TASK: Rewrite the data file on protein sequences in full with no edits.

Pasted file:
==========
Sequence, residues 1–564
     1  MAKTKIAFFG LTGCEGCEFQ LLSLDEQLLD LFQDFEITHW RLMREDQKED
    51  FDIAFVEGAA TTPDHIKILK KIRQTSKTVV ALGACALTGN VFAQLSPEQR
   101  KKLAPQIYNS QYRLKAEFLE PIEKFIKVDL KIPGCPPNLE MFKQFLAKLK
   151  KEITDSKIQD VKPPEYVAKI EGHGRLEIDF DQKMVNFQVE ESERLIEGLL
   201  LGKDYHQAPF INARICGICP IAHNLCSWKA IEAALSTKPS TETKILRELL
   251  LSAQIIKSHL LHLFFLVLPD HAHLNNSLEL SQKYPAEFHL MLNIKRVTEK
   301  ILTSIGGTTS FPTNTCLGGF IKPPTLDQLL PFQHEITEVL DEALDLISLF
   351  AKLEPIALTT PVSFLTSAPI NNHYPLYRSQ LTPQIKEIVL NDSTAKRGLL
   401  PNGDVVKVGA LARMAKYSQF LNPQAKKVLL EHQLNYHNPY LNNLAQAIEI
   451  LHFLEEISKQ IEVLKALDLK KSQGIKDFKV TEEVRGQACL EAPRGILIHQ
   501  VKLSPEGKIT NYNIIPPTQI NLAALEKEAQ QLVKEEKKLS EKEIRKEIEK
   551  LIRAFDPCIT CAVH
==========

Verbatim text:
Sequence, residues 1–564
     1  MAKTKIAFFG LTGCEGCEFQ LLSLDEQLLD LFQDFEITHW RLMREDQKED
    51  FDIAFVEGAA TTPDHIKILK KIRQTSKTVV ALGACALTGN VFAQLSPEQR
   101  KKLAPQIYNS QYRLKAEFLE PIEKFIKVDL KIPGCPPNLE MFKQFLAKLK
   151  KEITDSKIQD VKPPEYVAKI EGHGRLEIDF DQKMVNFQVE ESERLIEGLL
   201  LGKDYHQAPF INARICGICP IAHNLCSWKA IEAALSTKPS TETKILRELL
   251  LSAQIIKSHL LHLFFLVLPD HAHLNNSLEL SQKYPAEFHL MLNIKRVTEK
   301  ILTSIGGTTS FPTNTCLGGF IKPPTLDQLL PFQHEITEVL DEALDLISLF
   351  AKLEPIALTT PVSFLTSAPI NNHYPLYRSQ LTPQIKEIVL NDSTAKRGLL
   401  PNGDVVKVGA LARMAKYSQF LNPQAKKVLL EHQLNYHNPY LNNLAQAIEI
   451  LHFLEEISKQ IEVLKALDLK KSQGIKDFKV TEEVRGQACL EAPRGILIHQ
   501  VKLSPEGKIT NYNIIPPTQI NLAALEKEAQ QLVKEEKKLS EKEIRKEIEK
   551  LIRAFDPCIT CAVH